Principal Sculptor ‘Canoe’ 2014, Remnant Canoe Sculptor 2017
Benjamin Gilbert’s passion for sculptural form began in his father’s Old Green Shed, where a metal table and an antique vice were the tools of his childhood imagination.
“I grew up having a shed with absolutely no rules,” says Gilbert of his early life in Yackandandah, a country town in northeast Victoria. “We made a lot of cubby houses!”
Following his passion for creating things with his hands, coupled with the practical sensibility of a rural upbringing, Gilbert went on to study furniture design, but managed to fail sculpture.
“In the end, failing sculpture was a good prerequisite for doing well as a sculptor,” says Gilbert, who shuns the normal ‘artist’ pretensions and thinks of his work more as a trade. “I like to make new things every day, to repeat things would send me mad.”
He found a home for his work in civic sculpture, which he believes is more about architecture than traditional sculpture, because he has to consider safety elements and ergonomics, as well as aesthetic.
“Saying ‘Don’t touch the sculpture!’ really stinks, it’s got to be safe to play on,” says Gilbert. “I design objects for the young and the old to enjoy.”
He started his company Agency of Sculpture between ice carving competitions in Scandinavia and Russia, which he is highly respected for – an unlikely outcome for someone from rural Australia where ice isn’t freely available for carving.
These days, he is commissioned by architects to design and produce an alternative to the status-quo of civic play spaces. Some of his most well-known pieces are in play spaces around Australia, such as the work he did on the famous aerial acorns made for the National Arboretum in Canberra.
His ‘Humpback Gunship’, which he made sure had its sharp metal edges smoothed in case tiny fingers explored it, was bought by the city council of Arhus in Denmark, with encouragement from Princess Mary.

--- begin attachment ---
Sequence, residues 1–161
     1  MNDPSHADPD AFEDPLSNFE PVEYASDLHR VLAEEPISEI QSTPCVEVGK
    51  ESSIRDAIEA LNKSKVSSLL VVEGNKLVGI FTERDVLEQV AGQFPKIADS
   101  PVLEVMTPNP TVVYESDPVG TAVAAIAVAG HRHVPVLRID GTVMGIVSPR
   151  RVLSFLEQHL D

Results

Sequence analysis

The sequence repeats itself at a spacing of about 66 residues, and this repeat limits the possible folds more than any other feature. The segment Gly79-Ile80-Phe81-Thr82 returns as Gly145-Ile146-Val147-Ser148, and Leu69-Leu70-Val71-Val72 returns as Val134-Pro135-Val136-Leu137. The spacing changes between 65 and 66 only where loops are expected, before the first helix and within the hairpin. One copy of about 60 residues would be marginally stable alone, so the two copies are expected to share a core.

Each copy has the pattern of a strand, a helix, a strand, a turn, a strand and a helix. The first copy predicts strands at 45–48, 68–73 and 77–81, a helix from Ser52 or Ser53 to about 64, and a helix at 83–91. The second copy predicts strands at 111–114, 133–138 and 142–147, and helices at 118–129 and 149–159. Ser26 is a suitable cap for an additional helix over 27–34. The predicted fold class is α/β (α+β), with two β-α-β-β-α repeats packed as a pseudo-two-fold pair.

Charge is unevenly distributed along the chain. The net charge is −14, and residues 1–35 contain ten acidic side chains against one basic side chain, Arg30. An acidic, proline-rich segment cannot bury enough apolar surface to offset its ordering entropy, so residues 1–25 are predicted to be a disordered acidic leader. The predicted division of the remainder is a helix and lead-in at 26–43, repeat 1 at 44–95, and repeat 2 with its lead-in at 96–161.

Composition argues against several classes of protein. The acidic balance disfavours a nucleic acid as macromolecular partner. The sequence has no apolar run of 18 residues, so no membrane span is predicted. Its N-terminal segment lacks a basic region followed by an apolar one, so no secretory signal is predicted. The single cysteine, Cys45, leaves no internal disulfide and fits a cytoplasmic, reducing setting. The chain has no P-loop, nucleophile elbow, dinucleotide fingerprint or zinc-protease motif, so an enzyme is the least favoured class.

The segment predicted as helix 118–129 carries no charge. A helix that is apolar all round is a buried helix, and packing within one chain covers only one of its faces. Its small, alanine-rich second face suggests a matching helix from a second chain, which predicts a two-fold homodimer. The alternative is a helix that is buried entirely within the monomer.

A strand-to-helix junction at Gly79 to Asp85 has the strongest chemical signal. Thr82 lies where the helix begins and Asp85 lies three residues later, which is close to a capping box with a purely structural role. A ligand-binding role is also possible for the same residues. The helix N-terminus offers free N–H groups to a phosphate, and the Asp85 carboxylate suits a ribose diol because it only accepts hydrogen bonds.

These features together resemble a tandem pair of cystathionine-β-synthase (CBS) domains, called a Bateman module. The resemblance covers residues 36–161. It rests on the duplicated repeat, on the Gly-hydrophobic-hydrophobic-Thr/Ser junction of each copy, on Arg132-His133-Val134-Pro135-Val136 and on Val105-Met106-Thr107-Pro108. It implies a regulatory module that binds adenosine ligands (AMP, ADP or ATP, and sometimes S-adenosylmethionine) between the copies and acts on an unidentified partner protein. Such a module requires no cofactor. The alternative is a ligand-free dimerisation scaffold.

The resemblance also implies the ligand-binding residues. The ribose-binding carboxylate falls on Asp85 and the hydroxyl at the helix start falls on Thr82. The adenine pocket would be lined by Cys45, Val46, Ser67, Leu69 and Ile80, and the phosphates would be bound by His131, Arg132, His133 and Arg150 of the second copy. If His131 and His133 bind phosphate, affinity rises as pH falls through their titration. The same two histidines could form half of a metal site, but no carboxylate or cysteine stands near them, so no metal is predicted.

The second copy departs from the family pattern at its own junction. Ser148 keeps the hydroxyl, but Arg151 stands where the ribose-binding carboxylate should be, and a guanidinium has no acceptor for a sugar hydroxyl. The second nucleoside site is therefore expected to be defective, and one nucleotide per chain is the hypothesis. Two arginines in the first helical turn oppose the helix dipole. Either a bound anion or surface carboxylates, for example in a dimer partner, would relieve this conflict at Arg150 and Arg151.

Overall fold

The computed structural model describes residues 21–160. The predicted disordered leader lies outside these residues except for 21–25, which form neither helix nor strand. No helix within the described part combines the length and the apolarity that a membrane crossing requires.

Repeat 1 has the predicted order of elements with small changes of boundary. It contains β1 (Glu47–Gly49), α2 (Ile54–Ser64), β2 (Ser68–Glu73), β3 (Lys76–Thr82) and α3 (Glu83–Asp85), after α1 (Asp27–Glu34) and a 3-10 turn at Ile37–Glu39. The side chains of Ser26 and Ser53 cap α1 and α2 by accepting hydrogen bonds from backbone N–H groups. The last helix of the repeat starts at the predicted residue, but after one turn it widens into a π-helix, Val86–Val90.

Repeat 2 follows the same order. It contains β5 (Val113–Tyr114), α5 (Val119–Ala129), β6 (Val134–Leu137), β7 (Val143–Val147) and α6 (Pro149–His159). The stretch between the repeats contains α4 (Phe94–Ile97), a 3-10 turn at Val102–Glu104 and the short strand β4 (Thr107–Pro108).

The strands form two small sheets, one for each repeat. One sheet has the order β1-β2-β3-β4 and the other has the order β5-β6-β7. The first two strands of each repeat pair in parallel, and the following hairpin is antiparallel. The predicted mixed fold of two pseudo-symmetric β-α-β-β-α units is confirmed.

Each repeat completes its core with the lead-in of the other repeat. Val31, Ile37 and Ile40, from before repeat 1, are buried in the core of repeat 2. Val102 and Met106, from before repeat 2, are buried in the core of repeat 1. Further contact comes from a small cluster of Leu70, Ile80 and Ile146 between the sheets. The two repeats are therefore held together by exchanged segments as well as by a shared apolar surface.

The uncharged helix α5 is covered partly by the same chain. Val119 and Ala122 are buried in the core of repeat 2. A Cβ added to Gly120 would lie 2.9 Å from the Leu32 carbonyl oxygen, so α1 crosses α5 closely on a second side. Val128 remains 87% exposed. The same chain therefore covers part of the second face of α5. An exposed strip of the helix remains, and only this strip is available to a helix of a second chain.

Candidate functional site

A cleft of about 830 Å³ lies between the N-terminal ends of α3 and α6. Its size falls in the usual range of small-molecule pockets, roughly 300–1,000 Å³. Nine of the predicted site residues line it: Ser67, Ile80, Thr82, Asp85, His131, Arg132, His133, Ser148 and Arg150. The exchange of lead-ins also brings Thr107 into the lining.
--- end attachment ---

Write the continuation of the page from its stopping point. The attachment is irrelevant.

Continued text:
A slew of awards has followed him throughout his career, including the first in 1997 – 1st prize in the Alvar Aalto design competition from the University of Tasmania to the latest, 2015’s Vic Health Community Art Project.
In 2014, Gilbert was the first artist in the Mountain to Mouth event to create ‘Canoe’, an ephemeral sculpture that was carried by participants over 80km from the mountainous You Yangs Regional Park to the mouth of the Barwon River at Barwon Heads.
“It’s a real delight to do works that are meaningful and part of a much bigger project,” says Gilbert of his work with the City of Greater Geelong on Canoe. “I remember the event having a softness to it and people of all walks of life were gentle with each other and with Canoe – like they were carrying a fragile egg.”
He believes it’s what we do as groups together that really bonds society and lets it grow, rather than individual pursuits, which is why the Mountain to Mouth concept resonated with him on many levels.
“It was a wonderful experience and created a chance for strangers to meet – that doesn’t often happen in our culture outside of sport,” says Gilbert. “People were quiet and respectful, which is rare for Australians as we normally make so much noise and talk a lot!”
He says the original brief for Canoe was something that could be wheeled, was robust and could take on a mythical nature as an object – like a mask in theatre that we know isn’t someone’s face, but represents it.
“The idea for me was for it not to be too easy to carry so that people needed each other to make it work and that it would be okay for people of any height to find their place within the group,” says Gilbert.
At the end of the Mountain to Mouth event, Gilbert’s Canoe was set on fire in a special ceremony. However, now it is being resurrected to create a permanent monument to the event in the You Yangs, a gift from the City of Greater Geelong’s M~M event.
“As a country boy, it’s such an honour to make something permanent for a regional park - to be enjoyed by generations to come,” says Gilbert. “I’ve tied it into the You Yangs with stainless steel bars creating a teepee structure under the canoe, like the sticks the children use in the park to create their cubbies from nature.”
Remnant Canoe is made from stainless steel bars using the same base and wheel of the original canoe. It will be elevated from the ground and be lifted up to provide children with a space to play underneath it.
While his father’s Old Green Shed has been replaced with a sawmill, Gilbert still creates in the same small town of Yackandandah that was the canvas for his childhood explorations.